Unreported World Review: Everything Has Its Price

March 20, 2009 by  
Filed under Reviews

352cambodiaUNREPORTED WORLD:SELLING THE KILLING FIELDS, Friday 20th March, Channel 4, 7.35pm Alert me

Another dose of misery for a Friday night, as this week’s Unreported World takes us to Cambodia; a country whose poorest people are being evicted from their homes in centralised slums in order for their land to be sold on to property developers.

A rapid increase in tourism has been the catalyst for the transformation of Cambodia’s capital, Phnom Penh, into a modern city and a focal point for foreign investment.

Much of the action focuses on the plight of the Dey Krahorm slum, the value of which has trebled in recent years regardless of the global recession. Having been offered compensation most of the inhabitants chose to take the money and run, with a hardy few determined to stand their ground, preventing developers taking over with brute force. Far from being an easy task, many have suffered brutal beatings and abuse from government-hired goons. One woman was hurt so badly she could “feel her organs moving?.

Similar evictions occurred both on rural farmland and on the tourist-friendly beach areas. In one instance military police invaded a village with no prior warning, shot at villagers, set houses on fire and quickly erected a fence around the property which read, “For Sale?. These heinous abuses of human rights have even resulted in court hearings in favour of the dispossessed villagers, which the government have simply ignored. The situation is appalling, but again, as with the first episode, unless this programme is connected to some form of Amnesty International campaign, the cynic in me fears that this message will fall on deaf ears.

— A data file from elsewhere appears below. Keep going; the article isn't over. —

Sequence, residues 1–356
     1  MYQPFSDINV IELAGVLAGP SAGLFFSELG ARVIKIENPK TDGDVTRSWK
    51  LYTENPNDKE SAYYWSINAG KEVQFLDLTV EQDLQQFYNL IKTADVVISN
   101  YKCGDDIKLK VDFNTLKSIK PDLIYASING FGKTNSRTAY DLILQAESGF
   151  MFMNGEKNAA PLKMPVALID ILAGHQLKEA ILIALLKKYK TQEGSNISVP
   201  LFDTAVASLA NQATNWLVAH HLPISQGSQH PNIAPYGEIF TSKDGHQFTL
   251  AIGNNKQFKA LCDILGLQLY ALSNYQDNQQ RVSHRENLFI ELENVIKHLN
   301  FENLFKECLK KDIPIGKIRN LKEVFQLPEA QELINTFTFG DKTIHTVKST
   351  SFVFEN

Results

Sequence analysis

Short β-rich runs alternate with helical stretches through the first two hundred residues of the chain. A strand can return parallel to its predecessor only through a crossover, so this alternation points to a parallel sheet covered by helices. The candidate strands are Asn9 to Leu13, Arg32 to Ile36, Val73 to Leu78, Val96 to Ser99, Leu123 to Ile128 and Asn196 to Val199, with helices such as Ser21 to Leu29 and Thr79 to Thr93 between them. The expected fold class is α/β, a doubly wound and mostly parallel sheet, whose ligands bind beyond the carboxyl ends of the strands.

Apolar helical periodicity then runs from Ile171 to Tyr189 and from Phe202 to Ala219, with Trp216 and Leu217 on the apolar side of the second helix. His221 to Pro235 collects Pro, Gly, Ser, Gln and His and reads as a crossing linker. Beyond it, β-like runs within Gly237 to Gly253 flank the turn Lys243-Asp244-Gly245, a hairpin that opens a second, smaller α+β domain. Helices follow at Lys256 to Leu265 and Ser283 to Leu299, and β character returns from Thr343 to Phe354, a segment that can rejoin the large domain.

minefield of civil liberties, the displaced “refugees? are living in the most squalid of conditions, having to wade through filthy streams and defecate in plastic bags. Knowing the fate that awaits him, Vichet, the village representative of Dey Krahorm, was forced to watch his village being flattened from a pokey hotel window.

Jenny Kleeman’s reporting style was definitely preferable to Nima Elgabir, despite her slightly dubious haircut and affiliation with the Brian Harvey School of Cap Wearing. I was sickened by the fact that, as Kleeman puts it, in Cambodia, “nothing is sacred? and even an extermination camp, a symbol of the country’s oppression under the tyranny of the Khmer Rouge, had been sold to a Japanese investor to be transformed into a tourist attraction.

Another shocking documentary which encourages us privileged individuals to appreciate what we have, even in an economic downturn. It’s humbling to realise that at least in the UK, freedom is truly free.

Nina says:

Yes it’s true and sad, Cambodia is still so corrupted and they are clearing ‘slum’ villages around the Angkor complex too so that tourists see only a ‘good’ picture. I can’t believe they sold the Killing Fields! It’s such a beautiful country with such a sad history…